5. McConnell 1170 - Each State shall require individuals casting ballots in an election for Federal office in person to present a current valid photo identification issued by a governmental entity before voting. Each State shall be required to comply with the requirements of subsection (a) on and after January 1, 2008

  6. Feingold 1176 – to set up a commission on wartime treatment of European Americans of Italian and German decent during WWII and a commission to address the wartime treatment of Jewish refugees during WWII.

  7. Durbin-Grassley 1231 - to require all employers seeking a Y worker to first attempt to recruit US workers. Removes exemptions for employers in occupations and areas that the DOL has determined there is a shortage of US workers.

  8. Sessions 1234 - to deny Earned Income Tax Credit to Y and Z visa holders paying back taxes.

  9. Sessions 1235 - to deny Earned Income Tax Credit to legal immigrants with less than five years in the US,

  10. Lieberman 1191 - to improve treatment of immigrants seeking asylum and to establish clear standards for treatment of immigrants in detention.

  11. Allard 1189 - to remove the supplemental schedule for merit-based points for Z visa holders that gives credit for past employment, home ownership and having medical insurance when applying for green cards. In essence would eliminate the majority of Z visa holders from eventually obtaining permanent residency.

  12. Cornyn 1250 - removes the confidentiality protections for legalization applicants and orders the Secretary of Homeland Security and the Secretary of State to provide the information furnished in applications filed under section 601 and 602, and any other information derived from such furnished information, to any law enforcement entity, intelligence agency, national security agency, component of the Department of Homeland Security, court, or grand jury in connection with a criminal or civil investigation.

  13. Clinton-Hagel 1183 - to ensure that the spouses and children of legal permanent immigrants can immigrant into the United States to be with their family members.

  14. Obama-Menendez 1202 - to sunset the point system after five years. The Senate never had the opportunity to debate the system out in the open; the result is a proposal that would gut family-sponsored immigration

Call your Senators – 1-800-417-7666 in English or 1-800-882-2005 en Espanol


Grassley (#1166) abolishing judicial review on visa revocations made by the Secretary of State. Agreed to by unanimous consent on 6/4/07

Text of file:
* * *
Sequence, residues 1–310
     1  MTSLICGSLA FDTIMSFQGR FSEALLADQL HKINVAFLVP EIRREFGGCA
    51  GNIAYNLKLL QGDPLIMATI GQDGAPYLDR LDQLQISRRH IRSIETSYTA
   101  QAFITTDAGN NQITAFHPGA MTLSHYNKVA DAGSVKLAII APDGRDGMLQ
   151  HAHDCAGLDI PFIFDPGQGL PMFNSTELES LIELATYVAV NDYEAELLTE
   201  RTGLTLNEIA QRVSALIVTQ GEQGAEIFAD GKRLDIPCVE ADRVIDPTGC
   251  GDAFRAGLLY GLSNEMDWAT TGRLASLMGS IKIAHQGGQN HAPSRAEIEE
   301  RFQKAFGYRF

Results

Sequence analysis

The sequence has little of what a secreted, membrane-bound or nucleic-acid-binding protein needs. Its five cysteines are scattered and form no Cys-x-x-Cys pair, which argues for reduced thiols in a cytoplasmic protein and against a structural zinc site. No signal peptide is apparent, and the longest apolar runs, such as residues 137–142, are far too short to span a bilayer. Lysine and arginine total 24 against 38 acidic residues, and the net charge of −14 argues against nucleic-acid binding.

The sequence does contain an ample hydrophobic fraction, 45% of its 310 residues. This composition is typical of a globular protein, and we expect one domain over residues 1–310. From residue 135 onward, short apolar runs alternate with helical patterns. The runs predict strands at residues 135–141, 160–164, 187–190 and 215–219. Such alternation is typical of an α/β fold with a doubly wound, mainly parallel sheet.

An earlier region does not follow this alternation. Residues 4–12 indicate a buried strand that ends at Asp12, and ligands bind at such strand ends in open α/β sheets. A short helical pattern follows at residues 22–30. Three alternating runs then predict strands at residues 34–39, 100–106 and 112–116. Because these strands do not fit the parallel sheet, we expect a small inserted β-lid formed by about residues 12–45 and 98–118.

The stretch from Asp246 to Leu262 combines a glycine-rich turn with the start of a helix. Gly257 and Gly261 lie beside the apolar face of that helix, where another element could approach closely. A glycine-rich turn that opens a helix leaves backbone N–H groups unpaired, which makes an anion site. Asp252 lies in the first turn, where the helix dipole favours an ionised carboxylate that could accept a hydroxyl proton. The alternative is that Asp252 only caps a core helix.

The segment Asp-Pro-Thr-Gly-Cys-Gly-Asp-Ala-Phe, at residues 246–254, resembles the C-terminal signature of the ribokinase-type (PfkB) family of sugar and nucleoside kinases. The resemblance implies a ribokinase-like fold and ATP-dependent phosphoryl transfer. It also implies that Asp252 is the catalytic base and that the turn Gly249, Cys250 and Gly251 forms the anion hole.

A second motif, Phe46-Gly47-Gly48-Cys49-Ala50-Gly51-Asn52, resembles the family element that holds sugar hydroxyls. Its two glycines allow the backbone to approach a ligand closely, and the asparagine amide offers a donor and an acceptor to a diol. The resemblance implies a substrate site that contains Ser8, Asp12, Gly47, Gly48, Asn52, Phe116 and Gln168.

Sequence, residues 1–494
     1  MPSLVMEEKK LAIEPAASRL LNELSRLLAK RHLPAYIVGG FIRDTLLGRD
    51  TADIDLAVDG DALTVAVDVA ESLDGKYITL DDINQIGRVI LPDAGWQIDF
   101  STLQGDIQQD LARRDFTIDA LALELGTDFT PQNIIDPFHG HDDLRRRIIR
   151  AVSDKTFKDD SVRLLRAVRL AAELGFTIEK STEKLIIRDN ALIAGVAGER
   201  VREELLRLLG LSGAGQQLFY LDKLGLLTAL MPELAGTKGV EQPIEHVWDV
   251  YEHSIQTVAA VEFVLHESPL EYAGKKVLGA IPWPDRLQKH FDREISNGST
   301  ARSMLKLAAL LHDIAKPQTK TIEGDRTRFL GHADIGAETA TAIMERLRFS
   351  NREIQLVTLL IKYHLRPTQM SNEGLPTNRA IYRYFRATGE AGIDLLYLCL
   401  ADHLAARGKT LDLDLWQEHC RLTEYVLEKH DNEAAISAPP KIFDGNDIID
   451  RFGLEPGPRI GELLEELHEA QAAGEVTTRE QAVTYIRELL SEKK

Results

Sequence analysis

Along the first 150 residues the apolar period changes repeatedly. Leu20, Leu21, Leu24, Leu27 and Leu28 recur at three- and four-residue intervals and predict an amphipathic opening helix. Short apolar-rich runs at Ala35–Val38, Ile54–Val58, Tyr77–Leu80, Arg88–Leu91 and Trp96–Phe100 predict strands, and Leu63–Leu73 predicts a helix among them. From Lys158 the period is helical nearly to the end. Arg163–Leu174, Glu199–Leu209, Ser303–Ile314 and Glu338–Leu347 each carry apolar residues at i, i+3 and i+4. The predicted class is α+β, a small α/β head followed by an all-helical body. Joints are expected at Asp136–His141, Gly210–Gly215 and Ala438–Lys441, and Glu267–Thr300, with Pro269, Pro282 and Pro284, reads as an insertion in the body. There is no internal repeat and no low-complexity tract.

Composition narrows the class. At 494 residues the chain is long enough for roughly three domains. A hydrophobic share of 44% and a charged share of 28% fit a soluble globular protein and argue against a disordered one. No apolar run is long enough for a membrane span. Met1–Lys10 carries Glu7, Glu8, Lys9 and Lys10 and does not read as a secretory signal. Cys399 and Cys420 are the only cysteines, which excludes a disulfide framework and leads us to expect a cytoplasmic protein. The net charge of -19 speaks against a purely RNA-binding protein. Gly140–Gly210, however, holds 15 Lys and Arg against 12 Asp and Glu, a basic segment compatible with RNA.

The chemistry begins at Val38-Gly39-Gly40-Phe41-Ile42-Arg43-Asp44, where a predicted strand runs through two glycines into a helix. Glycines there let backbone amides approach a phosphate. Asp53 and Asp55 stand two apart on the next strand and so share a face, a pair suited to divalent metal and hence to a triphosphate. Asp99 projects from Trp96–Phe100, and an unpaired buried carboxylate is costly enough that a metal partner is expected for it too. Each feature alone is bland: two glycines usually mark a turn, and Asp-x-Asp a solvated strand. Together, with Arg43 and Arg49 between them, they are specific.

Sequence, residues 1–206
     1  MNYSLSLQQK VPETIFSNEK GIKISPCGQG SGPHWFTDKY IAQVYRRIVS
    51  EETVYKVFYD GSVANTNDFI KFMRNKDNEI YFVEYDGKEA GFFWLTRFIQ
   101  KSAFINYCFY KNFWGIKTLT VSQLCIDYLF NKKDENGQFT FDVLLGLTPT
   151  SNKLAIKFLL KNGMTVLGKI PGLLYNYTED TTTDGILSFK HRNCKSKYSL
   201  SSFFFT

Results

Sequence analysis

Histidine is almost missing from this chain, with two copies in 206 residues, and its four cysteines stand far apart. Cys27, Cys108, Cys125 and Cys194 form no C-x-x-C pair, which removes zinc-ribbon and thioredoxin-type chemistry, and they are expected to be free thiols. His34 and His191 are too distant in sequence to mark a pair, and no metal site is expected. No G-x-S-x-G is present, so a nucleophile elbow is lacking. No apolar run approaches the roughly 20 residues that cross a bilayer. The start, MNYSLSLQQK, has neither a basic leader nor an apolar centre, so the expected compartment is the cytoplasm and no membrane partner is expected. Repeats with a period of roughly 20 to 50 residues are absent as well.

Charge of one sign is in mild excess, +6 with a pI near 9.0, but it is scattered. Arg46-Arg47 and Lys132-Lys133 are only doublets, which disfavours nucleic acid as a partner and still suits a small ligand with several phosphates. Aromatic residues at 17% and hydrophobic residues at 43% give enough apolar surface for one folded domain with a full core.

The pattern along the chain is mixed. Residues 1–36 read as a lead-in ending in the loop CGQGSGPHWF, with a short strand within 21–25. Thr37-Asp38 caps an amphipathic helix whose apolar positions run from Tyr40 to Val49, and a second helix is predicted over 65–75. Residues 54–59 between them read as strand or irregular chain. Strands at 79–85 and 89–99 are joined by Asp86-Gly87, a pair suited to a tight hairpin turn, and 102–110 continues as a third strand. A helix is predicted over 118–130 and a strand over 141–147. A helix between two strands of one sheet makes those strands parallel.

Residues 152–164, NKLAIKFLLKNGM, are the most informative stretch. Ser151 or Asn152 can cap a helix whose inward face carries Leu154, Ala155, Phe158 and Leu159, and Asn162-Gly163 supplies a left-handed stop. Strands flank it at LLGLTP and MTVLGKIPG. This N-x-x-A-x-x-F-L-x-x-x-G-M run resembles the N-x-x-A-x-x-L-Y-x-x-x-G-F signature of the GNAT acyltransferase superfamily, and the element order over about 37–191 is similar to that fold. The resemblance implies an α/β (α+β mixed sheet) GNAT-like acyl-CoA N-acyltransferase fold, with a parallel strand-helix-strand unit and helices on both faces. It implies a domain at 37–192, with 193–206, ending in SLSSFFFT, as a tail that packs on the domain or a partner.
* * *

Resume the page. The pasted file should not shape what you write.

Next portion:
Allard (#1189) to remove the supplemental schedule for merit-based points for Z visa holders. Failed by vote of 62-31 on 6/5/07

Durbin-Grassley (#1231) to require all employers seeking a Y worker to first attempt to recruit US workers. Passed 71-22 on 6/5/07

1 comment:

Anonymous said...

Here are my thoughts as a conservative republican that favor the Senate Bill

(1)I hate to be crass and uncaring but the Senator from Wyoming has died. GOd bless his service. I think he was against this bill. What , is the politics of that. Does the Senate proceed on this vote until or wait? If not handled carefully this could be a PR disaster

(2) I am very unclear what the end game is here with the more liberal groups on this. It seems to me that you got to keep the Republicans on board. THis is so fragile that the whole thing can collapse. I hope that the liberal interest in reform realize that. If you don't get 60 votes in the Senate what is the point? IT fails. Republicans that stook their neck out might have nothing to show for it and be replaced by much more restricitve GOPERS. I also get the sense it is this year or we shall not see this for a long time. IF the Liberal groups wish a less restrictive bill what is their plan for getting those 11 votes to get to 60.

(3)Why is Hillary talking to High Tech groups trying indicating that they may need to seperate the HIght Tech Visa issue. Why are not people outraged. THat could scuttle the whole thing

(4) What is up in the House. What is Republican Rep Flake up too. How many Republican votes can be lined up. IS Pelosi serious about having to have at least 60 GOPERS

(5) Again if people think that the Senate Bill is too tough can anyone name the GOP Senators that can get a more liberal bill to 60? What Democrats Senator will be against this.

Just questions I having trouble finding.

A bill needs to be passed. People need to take a lesson from Reagan. Get 60 percent of what you want today battle for the other 40 tommorrow

Anyway I would like to here some thoughts on this